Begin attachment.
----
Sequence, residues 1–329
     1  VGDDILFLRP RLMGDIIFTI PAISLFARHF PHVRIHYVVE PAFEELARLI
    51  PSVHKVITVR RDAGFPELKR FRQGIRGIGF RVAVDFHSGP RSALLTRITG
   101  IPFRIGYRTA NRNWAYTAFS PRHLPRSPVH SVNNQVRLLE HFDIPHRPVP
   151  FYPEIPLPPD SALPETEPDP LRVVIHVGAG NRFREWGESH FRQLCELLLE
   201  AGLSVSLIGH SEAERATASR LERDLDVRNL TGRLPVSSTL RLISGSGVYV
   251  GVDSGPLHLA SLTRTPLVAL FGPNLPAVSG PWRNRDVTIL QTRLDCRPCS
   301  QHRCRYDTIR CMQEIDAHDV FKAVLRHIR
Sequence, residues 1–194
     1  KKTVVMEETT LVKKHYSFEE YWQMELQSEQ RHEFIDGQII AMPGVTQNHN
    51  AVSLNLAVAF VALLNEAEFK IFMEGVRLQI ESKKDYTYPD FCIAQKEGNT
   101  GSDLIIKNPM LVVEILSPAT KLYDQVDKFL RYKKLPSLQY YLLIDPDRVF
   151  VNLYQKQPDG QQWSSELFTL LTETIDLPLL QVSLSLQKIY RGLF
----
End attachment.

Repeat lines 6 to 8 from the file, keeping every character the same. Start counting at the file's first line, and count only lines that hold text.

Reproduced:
   201  AGLSVSLIGH SEAERATASR LERDLDVRNL TGRLPVSSTL RLISGSGVYV
   251  GVDSGPLHLA SLTRTPLVAL FGPNLPAVSG PWRNRDVTIL QTRLDCRPCS
   301  QHRCRYDTIR CMQEIDAHDV FKAVLRHIR